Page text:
Study modern Paganism for any length of time, and you’ll soon come to realize that there are a wide and varied selection of deities who are honored among the different Pagan traditions. While one group may choose to celebrate hearth gods, or goddesses of love and beauty, there are many Pagan traditions that pay tribute to warrior deities.
If you find yourself relating to a warrior god or goddess, here are some of the many deities you may want to explore a connection with. Bear in mind that this is not an all-inclusive list, and there are many more warrior deities out there to investigate, from a variety of world pantheons.
Athena was born a child of Zeus by his first wife, Metis, a goddess of wisdom. Because Zeus was afraid Metis might bear him a son who was mightier than himself, he swallowed her. While trapped inside Zeus, Metis began to make a helmet and robe for her unborn daughter. All that clanging and pounding caused Zeus to suffer terrible headaches, so he called for his son Hephaestus, the smith of the gods. Hephaestus split his father's skull open to relieve the pain, and out popped Athena, fully grown and clad in her new robe and helmet.
This warrior god of the ancient Aztecs was a sun god and the patron of the city of Tenochtitlan. He battled with Nanahuatzin, an earlier solar god. Huitzilopochtli fought against darkness, and required his worshippers to make regular sacrifices to ensure the sun's survival over the next fifty-two years, which is a significant number in Mesoamerican myths.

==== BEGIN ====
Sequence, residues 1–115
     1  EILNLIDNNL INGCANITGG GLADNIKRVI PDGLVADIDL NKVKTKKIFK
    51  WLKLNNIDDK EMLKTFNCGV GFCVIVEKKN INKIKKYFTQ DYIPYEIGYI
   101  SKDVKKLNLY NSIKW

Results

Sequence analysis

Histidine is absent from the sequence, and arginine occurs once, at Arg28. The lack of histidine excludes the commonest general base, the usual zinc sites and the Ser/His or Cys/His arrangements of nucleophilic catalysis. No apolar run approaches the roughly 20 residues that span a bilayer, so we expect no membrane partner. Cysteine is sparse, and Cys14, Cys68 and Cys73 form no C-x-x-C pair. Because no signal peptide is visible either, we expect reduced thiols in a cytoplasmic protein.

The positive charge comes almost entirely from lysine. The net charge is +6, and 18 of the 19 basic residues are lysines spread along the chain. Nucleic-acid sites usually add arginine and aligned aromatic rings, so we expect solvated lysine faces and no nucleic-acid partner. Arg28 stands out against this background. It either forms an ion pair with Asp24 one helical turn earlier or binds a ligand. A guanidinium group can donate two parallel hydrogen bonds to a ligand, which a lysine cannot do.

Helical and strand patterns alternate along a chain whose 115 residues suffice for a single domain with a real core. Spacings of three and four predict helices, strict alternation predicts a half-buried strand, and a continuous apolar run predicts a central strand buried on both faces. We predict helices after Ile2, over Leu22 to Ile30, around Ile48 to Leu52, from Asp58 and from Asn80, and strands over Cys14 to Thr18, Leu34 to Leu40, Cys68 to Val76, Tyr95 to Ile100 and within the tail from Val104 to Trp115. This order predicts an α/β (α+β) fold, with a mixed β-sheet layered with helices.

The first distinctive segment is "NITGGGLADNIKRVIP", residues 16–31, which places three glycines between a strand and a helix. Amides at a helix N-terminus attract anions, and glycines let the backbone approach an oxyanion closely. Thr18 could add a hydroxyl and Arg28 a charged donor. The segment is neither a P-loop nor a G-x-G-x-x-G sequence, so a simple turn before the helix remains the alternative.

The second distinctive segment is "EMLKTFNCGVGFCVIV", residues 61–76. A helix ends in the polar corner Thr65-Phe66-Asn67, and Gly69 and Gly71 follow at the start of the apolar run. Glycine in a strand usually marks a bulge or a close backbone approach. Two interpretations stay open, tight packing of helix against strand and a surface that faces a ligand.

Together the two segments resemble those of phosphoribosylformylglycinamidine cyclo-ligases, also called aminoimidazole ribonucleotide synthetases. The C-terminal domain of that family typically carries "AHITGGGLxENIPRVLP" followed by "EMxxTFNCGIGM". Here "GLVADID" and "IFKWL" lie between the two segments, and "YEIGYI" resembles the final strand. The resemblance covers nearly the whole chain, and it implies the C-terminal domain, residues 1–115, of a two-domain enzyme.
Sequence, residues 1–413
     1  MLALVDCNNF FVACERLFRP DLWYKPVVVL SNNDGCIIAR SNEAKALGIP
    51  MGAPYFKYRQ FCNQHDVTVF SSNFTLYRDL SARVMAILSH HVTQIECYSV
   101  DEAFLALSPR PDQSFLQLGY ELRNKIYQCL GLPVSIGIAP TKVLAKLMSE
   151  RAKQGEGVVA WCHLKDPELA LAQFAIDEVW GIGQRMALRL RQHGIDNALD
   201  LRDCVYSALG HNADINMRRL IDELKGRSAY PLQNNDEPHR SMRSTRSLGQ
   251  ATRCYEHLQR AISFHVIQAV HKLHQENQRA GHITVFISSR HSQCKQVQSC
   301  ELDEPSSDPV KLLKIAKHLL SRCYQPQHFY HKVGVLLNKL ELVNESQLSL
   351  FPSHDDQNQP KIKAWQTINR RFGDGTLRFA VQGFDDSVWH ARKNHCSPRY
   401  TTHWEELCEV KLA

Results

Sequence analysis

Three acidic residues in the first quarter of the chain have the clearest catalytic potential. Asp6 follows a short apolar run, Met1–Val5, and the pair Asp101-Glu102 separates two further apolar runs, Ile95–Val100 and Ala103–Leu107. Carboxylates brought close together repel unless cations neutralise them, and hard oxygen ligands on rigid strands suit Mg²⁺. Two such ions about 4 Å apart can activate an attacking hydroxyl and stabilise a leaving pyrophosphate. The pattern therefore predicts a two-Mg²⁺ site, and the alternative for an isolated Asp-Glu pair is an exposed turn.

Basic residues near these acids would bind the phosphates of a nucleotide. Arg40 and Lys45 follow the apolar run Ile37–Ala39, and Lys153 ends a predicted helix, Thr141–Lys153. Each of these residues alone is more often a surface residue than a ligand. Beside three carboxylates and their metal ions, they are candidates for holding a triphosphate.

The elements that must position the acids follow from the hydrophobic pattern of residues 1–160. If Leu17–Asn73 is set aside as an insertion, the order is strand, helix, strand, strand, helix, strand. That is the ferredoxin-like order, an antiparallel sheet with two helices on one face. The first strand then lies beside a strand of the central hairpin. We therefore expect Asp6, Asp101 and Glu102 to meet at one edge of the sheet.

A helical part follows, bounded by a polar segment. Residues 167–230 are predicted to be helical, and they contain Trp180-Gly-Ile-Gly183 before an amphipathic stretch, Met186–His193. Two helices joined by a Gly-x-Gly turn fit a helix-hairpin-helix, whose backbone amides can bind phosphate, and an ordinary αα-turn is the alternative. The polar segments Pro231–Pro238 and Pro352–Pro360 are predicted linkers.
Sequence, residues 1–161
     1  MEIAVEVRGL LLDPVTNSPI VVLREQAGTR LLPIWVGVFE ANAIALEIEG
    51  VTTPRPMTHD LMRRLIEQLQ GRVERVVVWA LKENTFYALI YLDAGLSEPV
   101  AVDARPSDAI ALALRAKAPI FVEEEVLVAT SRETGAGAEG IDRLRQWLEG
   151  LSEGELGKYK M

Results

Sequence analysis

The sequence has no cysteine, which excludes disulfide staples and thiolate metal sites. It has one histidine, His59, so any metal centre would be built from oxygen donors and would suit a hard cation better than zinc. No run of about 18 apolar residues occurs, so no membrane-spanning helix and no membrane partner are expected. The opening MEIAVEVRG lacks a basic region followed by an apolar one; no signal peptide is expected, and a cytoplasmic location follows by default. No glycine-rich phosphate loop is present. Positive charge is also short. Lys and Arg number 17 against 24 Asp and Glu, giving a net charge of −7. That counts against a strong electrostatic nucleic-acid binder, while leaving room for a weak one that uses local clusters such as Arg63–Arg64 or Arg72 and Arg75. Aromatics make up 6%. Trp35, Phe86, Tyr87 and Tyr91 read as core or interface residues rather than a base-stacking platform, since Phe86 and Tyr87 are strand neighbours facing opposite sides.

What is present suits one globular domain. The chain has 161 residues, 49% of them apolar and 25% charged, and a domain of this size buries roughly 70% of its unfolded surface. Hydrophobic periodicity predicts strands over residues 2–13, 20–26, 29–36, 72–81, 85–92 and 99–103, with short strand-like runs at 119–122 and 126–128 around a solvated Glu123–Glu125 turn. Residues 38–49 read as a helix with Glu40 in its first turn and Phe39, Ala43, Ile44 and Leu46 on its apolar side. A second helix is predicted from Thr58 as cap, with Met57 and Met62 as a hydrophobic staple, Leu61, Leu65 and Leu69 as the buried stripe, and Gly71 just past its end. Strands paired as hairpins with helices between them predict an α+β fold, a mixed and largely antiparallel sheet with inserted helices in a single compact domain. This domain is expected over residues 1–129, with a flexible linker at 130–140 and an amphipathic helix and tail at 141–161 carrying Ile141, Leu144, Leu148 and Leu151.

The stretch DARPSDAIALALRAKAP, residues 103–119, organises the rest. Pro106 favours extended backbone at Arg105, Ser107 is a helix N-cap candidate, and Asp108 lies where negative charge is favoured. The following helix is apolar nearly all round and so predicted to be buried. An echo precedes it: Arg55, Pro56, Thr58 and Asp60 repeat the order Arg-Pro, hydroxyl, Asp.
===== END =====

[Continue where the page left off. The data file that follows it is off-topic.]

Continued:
In Celtic mythology, the Morrighan is known as a goddess of battle and war. However, there's a bit more to her than this. Also referred to as Morrígu, Morríghan, or Mor-Ríoghain, she is called the "washer at the ford," because if a warrior saw her washing his armor in the stream, it meant he was to die that day. She is the goddess who determines whether or not you walk off the field of battle, or are carried off upon your shield.
In Germanic mythology and religion, Thor is the god of thunder. He is typically portrayed as red-headed and bearded, and carrying Mjolnir, a magical hammer. Depictions of Mjolnir became popular adornment for warriors during the age of the Vikings, and it is still seen today among adherents of some forms of Norse Paganism.